Invitation to 20th Annual Al Bawasil Children’s Diabetes Camp

Diabetes South Africa (DSA) was invited to attend the 20th Annual Al Bawasil Children’s Diabetes Camp, in Doho, Qatar. This took place from 21 to 26 December 2019. Sister Barbara Chinyerere and her son, Joshua (9), who has Type 1 diabetes, attended on behalf of DSA.


Barbara and Joshua are active members of DSA’s T1 Youth Warriors committee, helping DSA to organise events and outreaches for youth with Type 1 diabetes.

The Qatar Diabetes Association sponsored mother and son to attend the annual camp for children aged 7 – 11 years with Type 1 diabetes.

Barbara’s feedback

Three words: it’s was awesome! We left on Sunday evening. The camp had started on Saturday but there was a delay with my visa. We arrived on Day 3, just in time to join the outing.

There were around 40 local children and another 30 or so children from other countries, like Tunisia, Iran, Sudan and South Africa. Joshua and myself were the first South Africans to attend. Most countries represented had a supervisor and two kids.

The programme started early with prayers. Medical teams were always available, in case any help was needed. These teams consisted of students, doctors, dietitians and nurses with a male volunteer leading each team.

All the children were placed in teams. The outings were all educational; we went to the beach where we spent the day playing games, riding camels and doing quizzes.

The next outing was to the museum where we learnt about Islamic history, the origins of the culture, and saw various statues and ornaments. We enjoyed lunch at the park that day.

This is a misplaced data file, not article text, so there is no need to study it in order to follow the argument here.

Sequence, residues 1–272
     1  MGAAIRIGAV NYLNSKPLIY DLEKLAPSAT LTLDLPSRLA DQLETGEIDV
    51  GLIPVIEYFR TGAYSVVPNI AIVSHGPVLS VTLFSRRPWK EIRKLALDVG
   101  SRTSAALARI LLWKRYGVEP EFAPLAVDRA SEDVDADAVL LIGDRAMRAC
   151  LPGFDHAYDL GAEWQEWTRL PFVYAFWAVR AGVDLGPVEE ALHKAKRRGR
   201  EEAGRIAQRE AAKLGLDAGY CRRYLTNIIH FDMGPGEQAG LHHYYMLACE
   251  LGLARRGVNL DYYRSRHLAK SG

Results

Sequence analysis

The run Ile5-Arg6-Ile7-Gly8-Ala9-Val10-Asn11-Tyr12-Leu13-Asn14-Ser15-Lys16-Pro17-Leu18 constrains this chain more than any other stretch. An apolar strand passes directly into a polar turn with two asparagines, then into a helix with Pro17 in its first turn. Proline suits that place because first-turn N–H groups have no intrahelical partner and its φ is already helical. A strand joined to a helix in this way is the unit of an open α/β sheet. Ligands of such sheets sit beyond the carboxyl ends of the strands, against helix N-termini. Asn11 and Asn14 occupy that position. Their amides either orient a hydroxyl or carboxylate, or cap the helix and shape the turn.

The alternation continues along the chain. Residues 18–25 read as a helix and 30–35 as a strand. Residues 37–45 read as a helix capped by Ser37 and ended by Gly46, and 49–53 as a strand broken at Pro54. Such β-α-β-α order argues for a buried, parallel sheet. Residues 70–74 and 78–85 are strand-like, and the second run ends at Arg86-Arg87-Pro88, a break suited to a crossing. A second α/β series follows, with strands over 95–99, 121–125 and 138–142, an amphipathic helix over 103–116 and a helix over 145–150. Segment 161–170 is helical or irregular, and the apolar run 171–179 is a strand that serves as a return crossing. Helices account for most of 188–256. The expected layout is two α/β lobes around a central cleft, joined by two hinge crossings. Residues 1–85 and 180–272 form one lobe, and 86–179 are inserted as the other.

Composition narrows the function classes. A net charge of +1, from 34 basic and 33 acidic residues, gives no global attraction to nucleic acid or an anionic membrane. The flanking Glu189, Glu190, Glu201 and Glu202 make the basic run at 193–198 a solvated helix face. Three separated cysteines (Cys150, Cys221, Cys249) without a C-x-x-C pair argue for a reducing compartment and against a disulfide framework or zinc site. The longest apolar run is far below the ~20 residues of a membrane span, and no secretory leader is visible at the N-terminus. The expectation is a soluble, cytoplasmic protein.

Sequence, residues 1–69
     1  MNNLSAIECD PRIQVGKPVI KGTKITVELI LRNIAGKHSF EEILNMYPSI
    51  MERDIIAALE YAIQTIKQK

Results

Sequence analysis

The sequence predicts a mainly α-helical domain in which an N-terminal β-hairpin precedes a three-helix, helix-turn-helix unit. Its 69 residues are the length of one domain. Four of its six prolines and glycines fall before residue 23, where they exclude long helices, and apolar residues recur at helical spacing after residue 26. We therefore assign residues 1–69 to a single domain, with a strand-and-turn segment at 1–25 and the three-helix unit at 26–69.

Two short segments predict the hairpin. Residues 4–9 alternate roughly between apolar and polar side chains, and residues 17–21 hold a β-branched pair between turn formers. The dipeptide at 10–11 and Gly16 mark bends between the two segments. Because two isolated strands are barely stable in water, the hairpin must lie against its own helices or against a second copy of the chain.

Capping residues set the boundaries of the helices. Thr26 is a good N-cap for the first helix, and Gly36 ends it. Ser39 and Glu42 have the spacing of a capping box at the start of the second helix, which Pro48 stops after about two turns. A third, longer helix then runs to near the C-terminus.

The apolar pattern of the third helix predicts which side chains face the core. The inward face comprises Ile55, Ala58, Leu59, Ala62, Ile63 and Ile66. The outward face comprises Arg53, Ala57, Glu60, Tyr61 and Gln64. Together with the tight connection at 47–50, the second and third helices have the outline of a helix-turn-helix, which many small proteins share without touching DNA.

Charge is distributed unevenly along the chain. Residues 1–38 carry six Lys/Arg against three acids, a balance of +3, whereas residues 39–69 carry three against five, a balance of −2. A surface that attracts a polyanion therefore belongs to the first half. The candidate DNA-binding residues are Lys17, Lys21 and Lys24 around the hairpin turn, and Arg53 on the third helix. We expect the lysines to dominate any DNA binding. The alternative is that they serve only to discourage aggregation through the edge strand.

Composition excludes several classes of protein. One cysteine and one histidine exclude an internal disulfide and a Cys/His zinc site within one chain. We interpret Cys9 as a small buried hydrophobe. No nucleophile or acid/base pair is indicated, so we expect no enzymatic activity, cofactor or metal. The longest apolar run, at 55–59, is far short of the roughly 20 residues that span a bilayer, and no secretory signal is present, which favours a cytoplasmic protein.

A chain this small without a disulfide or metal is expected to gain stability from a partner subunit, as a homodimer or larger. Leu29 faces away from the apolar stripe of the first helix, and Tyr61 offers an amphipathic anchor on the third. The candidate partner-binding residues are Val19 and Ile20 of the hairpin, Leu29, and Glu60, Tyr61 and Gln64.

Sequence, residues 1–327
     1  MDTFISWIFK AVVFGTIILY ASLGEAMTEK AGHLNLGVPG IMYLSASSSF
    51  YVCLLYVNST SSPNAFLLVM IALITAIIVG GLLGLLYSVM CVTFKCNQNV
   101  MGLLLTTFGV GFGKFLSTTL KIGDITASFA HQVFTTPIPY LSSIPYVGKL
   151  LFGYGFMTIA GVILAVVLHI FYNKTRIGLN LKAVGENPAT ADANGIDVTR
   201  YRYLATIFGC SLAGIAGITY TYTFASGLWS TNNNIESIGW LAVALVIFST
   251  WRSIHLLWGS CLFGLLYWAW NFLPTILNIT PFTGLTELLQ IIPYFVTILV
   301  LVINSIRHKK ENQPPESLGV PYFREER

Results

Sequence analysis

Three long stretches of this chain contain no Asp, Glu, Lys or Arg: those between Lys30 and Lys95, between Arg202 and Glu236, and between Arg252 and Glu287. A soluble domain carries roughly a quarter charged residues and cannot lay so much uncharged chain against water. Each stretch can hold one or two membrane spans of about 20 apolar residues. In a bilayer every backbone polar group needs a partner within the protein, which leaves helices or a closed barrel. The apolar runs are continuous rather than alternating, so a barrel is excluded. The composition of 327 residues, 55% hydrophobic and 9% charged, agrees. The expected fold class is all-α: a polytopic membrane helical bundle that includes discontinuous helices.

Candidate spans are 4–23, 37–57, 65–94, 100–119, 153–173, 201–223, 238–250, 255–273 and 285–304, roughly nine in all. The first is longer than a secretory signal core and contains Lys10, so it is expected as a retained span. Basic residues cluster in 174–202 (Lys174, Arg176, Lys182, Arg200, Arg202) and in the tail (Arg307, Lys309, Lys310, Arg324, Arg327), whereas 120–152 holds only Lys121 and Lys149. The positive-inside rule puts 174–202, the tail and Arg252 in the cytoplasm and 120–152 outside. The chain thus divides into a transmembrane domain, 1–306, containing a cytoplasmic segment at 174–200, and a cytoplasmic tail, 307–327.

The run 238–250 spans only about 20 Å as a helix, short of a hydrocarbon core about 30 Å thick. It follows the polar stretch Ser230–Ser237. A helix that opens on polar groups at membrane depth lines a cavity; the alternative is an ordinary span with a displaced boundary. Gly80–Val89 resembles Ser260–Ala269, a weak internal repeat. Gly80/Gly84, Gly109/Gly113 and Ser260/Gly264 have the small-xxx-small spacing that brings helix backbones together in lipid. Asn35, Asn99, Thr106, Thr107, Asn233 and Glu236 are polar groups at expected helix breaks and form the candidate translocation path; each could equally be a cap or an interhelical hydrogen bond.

On the next day, we went to KidZania, a children’s amusement park. Kids can choose from more than 60 real-life fun activities, such as doctor, dentist, police officer, firefighter, actor and singer, etc., in a safe and secured kid-sized city. Designed by educators, for children aged 1-14, KidZania blends learning and reality with entertainment.

Here the group of children got to experience a range of different careers. Children must get involved, get tasks and experience. I must say this was Joshua’s favourite. We then went for a train rides around the area.

Evenings were loaded with diabetic-related board games and small workshops. Food would be delivered at the outings and the food was on point! Even back at the camp side we were stayed, which is a student res. It was impeccable!

Freestyle Libre machines

The Qatar Diabetes Association ensures that all children living with Type 1 diabetes has the best of care. The government sponsors Freestyle Libre machines for children under 12 to 15 years of age. They are very strict on carb-counting and their readings are not in mmol/L like in South Africa.

The last day all the children had to perform skits. They got certificates for attending and the winning team got medals. Families from around joined the closing ceremony. The Qatar Diabetes Association gave a gift to DSA. In their culture, visitors are presented with gifts.

Thank you to DSA for choosing Joshua and myself to experience this once in a lifetime opportunity. We learnt so much and had a blast.